Psychological awareness creates benefits for the psychologically aware person, the people around that person, and for companies that employ them, particularly those who employ them deliberately.  Psychologically aware people bring a number of benefits in the  corporate setting  including:


Psychological Awareness for the Workforce

There has been considerable research into the value of using emotional intelligence in the workforce.  It helps people make sound decisions, develop collaborative relationships, to deal with stress and manage change better.  It is also associated with reduced levels of conflict and is an important element of leadership training[2].

Companies that focus on employing and developing employees with emotionally intelligence typically enjoy an improved corporate culture[3] which brings further rewards like improved productivity, profitability, reputation, and even the value of share prices[4].


Psychological Awareness and Litigation

A thesis by Gardner examined the relationship between teaching people in the workplace to develop higher levels of emotional intelligence or develop psychological awareness and found that teaching EI to employees created reduced levels of stress and strain[5].  One such strain is the development of stress and illness within the person.  Another is the use of litigation within a company.  Unhappy, dissatisfied employees are more likely to take workers compensation for stress and anxiety, and this carries a significant cost in terms of productivity and workers compensation claims for stress and related problems[6].  The cost of litigation of this type depends on the specific circumstances, but it can extend from a few days off, to the retirement of the employee, a large payout, and potentially large litigation expenses.  Developing a workforce with higher levels of emotional intelligence and benefits the employee, their colleagues, and from the employers perspective, reduces costs and improves productivity.  This represents a good return on investment.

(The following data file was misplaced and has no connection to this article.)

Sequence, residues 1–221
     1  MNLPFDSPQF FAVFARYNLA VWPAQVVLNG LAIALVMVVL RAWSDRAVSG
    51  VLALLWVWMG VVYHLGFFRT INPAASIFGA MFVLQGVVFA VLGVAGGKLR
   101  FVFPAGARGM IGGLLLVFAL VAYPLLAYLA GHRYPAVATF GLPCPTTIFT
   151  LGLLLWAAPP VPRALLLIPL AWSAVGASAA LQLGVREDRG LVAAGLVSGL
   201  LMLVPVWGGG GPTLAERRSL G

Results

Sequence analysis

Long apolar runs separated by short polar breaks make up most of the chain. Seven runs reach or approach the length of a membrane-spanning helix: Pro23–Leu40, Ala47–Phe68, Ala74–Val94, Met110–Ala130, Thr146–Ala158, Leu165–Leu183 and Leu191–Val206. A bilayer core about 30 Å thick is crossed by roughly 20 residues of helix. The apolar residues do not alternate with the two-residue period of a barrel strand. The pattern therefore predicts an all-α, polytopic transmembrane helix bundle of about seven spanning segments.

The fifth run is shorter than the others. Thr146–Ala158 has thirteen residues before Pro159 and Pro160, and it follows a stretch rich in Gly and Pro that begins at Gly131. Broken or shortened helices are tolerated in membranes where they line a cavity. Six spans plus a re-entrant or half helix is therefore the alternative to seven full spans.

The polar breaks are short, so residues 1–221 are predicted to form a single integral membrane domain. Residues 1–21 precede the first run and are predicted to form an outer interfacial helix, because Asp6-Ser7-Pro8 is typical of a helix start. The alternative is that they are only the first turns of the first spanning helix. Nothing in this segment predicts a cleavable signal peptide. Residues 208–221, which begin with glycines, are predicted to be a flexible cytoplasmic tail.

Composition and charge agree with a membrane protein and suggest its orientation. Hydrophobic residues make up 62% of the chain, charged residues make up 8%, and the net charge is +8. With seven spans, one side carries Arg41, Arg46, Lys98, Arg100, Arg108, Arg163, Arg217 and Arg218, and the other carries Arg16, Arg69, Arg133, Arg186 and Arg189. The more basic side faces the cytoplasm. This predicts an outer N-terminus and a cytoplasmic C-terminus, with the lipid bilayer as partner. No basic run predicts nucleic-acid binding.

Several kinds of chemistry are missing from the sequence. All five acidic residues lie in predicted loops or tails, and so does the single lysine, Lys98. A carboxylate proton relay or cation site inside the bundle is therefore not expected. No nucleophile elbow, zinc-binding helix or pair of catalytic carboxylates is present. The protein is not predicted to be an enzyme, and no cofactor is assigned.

Psychological Awareness and Client Relationships

Emotional intelligence has been studied with particular interest because of its ability to develop stronger relationships.  This is particularly important for the relationships that people develop with clients[7] and for the development of corporate reputation[8].  The ability of a marketing professional to bring better value through the better use of emotional intelligence is clear[9].  Not surprisingly, this can improve relationships with all types of clients no matter what type of company you are running or employed with.  It follows that when clients are generally more satisfied with the company’s services, and not just their products, the corporate reputation improves.  Looking at this from the perspective of future business, improved reputation creates more work, which creates more value, and greater profit.  Improving client relationships can dramatically improve the company’s standing.


Psychological Awareness and Success

I have been discussing the benefits of a company ensuring that their staff either have emotional intelligence when they are employed, or have been developed to improve their emotional intelligence.  However, the value of emotional intelligence extends far beyond the company.  A real benefit for psychological awareness falls to the people who experience it, and of course, those around them who benefit from its presence.  The following list highlights those benefits.

  1. Benefits to the Individual’s Self-Esteem and Confidence. The development of psychological awareness helps a person develop self-esteem and confidence.  This has been documented in adolescents[10] and many other groups.  This may seem obvious; if someone is able to cope with the emotional challenges in their life, then they will feel better about their ability to manage whatever situations they will face in their day-to-day life.  This is part of the definition of self-esteem, which centres around how you think and feel about yourself.  With better self-esteem, confidence grows too.